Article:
8888 University Drive
Burnaby, British Columbia
V5A 1S6

778-782-3321 / for further information

See the GIS B.Sc. Course page or GIS Certificate page for more details.


If you are a student, facility or someone who has any more knowledge, feedback or comments to share about the GIS programs at Simon Fraser University then I encourage you to share it . You can either use the contribute more info form or the comment functionality below.

ArcGIS Server & Bing Maps Token Service Update

I received a notice from ESRI Canada recently about Changes that are being made to the Microsoft Bing Maps Token Service next spring and thought that I should share it with others in the GIS community incase someone did not receive it or was not aware of the changes taking place with ArcGIS Server and Bing Maps.

ESRI LogoThe change is mainly related to the move over to ArcGIS 10 Server and should perhaps only affect customers that still using ArcGIS 9.3.1 Server with Bing Maps services. The previous version accessed Bing Maps using a unique Bing Maps user id and password to retrieve a maps token. On March 30, 2012, this Bing Maps Token Service is being discontinued by Microsoft and will be shut down. After this date, all user ids and passwords will no longer be valid, and any applications that were connected to the Bing Maps Token Service will no longer work.

All ArcGIS Server users will then use a Bing Maps key and an ArcGIS Server client that supports Bing Maps keys. A Bing Maps key is a unique identification string and is used in place of the token when making requests. Customers either need to upgrade to ArcGIS 10 Server or request a Bing Maps key from ESRI Canada customer care. Those that upgrade to ArcGIS 10 Server will notice that a Bing Maps key is already included.

For more information on using Bing Maps with ArcGIS Server can reference the ArcGIS Online and Bing Maps guide or contact ESRI technical support at 1-877-441-0337 or

Canadian Geomatics Company Directory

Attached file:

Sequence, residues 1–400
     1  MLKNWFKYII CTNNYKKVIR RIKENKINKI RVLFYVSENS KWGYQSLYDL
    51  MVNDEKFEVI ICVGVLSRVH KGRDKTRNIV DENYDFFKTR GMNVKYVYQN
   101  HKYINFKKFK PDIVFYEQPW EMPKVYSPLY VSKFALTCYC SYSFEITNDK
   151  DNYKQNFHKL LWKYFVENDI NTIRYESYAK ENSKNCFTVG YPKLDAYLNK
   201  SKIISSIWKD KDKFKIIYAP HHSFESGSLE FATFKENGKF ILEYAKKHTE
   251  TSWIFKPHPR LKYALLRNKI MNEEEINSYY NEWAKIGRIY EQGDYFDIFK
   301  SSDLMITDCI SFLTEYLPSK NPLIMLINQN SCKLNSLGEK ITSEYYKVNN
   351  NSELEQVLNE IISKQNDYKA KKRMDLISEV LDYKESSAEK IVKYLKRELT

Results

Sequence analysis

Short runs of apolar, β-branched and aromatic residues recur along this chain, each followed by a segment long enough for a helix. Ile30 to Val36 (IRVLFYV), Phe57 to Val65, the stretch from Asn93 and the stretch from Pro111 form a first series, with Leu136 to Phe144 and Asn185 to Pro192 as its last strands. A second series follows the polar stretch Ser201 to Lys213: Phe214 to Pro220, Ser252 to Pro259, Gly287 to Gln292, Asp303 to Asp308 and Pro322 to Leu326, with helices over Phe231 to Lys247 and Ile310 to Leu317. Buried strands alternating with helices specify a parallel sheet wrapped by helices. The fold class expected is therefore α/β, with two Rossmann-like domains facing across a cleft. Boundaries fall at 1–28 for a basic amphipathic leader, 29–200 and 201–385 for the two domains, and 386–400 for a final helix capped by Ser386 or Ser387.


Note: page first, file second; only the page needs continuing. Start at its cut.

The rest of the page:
Our Company Directory contains basic information about the various Geomatics related companies found in and around Canada (with some from abroad) including many key aspects such as the companies basic info, contact info, web site info and geographic location. This section and our data base will continue to evolve over time as more companies are added.

[If your GIS company is not listed in our directory then you should contact us with your details because our basic listings are free for Canadian GIS related companies, or if you want your GIS company to stand out from the rest then we can make that happen for you too.]

To find a Company listing, simply select a province from the list below to find a Geomatics related company in that region, or use any of simple search tools on our site that will allow you to search by company names, Cities or postal code.

British Columbia
New Brunswick
Newfoundland & Labrador
North West Territories
Nova Scotia
Prince Edward Island

[Company info is added often, so if you do not find what you are looking for then we suggest you check back again later, or if you know of some GIS info that we should post, then do share it with us]

Canadian Open Data and Free Geospatial Data

Over the past few years has been highlighting and promoting various cities and provinces in Canada that have done a great job providing data and applications to the public.

We created this page a few years ago to collaborate links of all the open geospatial data info (sites that offer data downloads at no cost and without restrictions), fee based geospatial data, online web mapping applications and other great sources of geospatial information (including National, Provincial and Regional levels).